This was originally posted on the Government Digital Service Data Blog.
The new gov.uk Performance Platform Services page lists government services for which we have dashboards. We recently improved the page by adding key data for each service, including User satisfaction and Cost per transaction.
We want to make this information available to as many people as possible so accessibility testing is a part of the build process. In this post I’ll cover the ways we improved the accessibility of the page for people using screen readers or keyboard navigation.
How we tested it
Before I start, a quick note about some of the tools we used.
I checked the page for usability in JAWS 16 / Internet Explorer 11 on Windows, and Voiceover with Safari on Mac OS and iPad. I also checked colour contrast using Paciello Group’s Colour Contrast Analyser.
Of course, a developer wielding a screenreader only goes so far… we’re also lucky enough to work with accessibility consultant Léonie Watson. Where she made a recommendation, I’ve noted it below.
Sections and headings
I wanted a screenreader user to be able to pull up a list of headings and get a clear picture of the breakdown of functionality of the page.
A sighted user gets cues from the visual design and layout, as to where each page section begins and ends. For example in the screen below, the group of 6 numbers beginning with ‘Transactions per year’ look like they form a section, as implied by the spacing and horizontal lines above and below the group.
A blind user obviously doesn’t benefit from this, but we can add a subheading that isn’t visible on the page itself but is picked up by a screenreader. It’s achievable by positioning the heading outside of the visible area of the screen.
“Totals and averages for filtered services” is a good descriptive heading for the group.. As you can see on the screen below, the heading is now available in the Voiceover headings list to help the user navigate to that section.
Give a screenreader user subheadings to break up the page and summarise each section.
Describing interactive elements
You can sort the list of services by selecting one of the column headings in the table. Again, a sighted user has a visual cue that this feature is available – the headings are styled as links. For screenreader users only, a label is appended to each column heading – “Click to sort”. I was appending that label to every column including the currently sorted one, until Léonie made this suggestion:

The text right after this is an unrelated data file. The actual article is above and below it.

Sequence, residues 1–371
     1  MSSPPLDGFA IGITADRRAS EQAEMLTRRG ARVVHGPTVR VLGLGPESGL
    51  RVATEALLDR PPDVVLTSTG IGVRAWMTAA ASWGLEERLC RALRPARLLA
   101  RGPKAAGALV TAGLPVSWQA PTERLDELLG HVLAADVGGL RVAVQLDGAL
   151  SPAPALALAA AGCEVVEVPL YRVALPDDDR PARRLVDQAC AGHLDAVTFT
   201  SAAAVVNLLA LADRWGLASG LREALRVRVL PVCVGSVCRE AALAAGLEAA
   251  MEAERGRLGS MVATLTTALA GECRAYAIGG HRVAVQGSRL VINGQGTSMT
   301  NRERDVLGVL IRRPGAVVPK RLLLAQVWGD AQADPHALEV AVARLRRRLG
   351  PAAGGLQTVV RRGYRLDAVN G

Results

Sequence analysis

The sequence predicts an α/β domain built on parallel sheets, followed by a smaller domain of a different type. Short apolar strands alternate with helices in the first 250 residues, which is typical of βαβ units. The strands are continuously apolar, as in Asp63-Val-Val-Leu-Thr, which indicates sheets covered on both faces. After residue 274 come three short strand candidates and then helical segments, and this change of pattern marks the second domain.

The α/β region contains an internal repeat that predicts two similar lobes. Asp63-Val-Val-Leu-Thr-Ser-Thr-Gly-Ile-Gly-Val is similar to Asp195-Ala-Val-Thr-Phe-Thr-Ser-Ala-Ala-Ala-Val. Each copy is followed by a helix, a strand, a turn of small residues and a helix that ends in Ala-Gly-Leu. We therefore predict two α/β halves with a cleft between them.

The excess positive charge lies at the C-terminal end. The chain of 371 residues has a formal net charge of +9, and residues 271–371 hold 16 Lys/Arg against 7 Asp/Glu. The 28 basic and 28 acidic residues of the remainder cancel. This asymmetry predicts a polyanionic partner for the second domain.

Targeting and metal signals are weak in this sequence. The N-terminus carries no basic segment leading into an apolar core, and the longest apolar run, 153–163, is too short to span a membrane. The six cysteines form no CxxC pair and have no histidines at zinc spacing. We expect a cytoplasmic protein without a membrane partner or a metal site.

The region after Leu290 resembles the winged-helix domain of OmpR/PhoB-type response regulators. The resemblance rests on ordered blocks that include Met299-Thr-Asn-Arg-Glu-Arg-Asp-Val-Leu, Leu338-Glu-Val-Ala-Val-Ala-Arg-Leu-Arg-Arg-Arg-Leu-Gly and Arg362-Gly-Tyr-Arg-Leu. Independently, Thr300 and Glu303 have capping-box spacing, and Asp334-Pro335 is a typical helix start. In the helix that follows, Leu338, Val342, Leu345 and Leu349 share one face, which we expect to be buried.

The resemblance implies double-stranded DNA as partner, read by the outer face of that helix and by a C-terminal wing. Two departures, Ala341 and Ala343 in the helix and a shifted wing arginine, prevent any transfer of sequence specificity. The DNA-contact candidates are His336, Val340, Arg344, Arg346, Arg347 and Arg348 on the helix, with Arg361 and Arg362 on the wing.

When a column is unsorted the hidden “Click to sort” information is helpful. Once the column has been sorted it isn’t needed though because screen readers will take the sorted state from the aria-sorted attribute.
The aria-sorted attribute is just applied to the column heading (the <th> tag) that the table is currently sorted by.
If you can, use ‘native’ accessibility attributes like ‘aria-sort’ in preference to adding custom labels for screen-readers.
Supporting keyboard users
When the table of services is sorted by clicking a column heading, it seems simplest to re-render the whole table including the headings. It was only when I was testing with a screenreader that I saw this would cause a problem for any keyboard user. When the user clicks / selects a column heading link, keyboard focus is obviously on that element. If the element is then removed and refreshed, the focus is thrown back to the top of the page – not ideal as the user will want to remain in the same part of the page, eg. to reverse the sort order. So on sorting I replaced just the table rows and not the heading.
Don’t pull the rug from under the feet of keyboard users by removing the element they’re focussed on.
Sending keyboard focus to the activated area
There are two ways to affect the table sort order – the column headings which can be toggled as described above, but also the links higher up the page, below each summary figure. As Léonie pointed out:
Above the table there are some links that when clicked, change the table sort order. As they ‘activate’ the table in this way, the focus should be sent to the table so a screenreader can continue from there.
When a user clicks one of the links, the page is scrolled down to the table, and keyboard focus is now sent to it.
If an interactive element affects another part of the page, consider sending focus to it.
Notifying the user of changes to page content
When the user types into the filter box, or selects a department, the number of services in the list is filtered. This updates the services count and also the six summary figures.
Reading them all out each time seemed excessive. Léonie agreed –
In terms of the live region announcement, keeping it short is a good idea.
So we just let the screenreader announce that “Totals and averages have updated for 53 services”, then the user can choose to jump to that section if they want to read out all the updates.
If an interaction causes many updates to the page, you don’t need to read them all out. A quick summary and a pointer to the updated section(s) could be enough.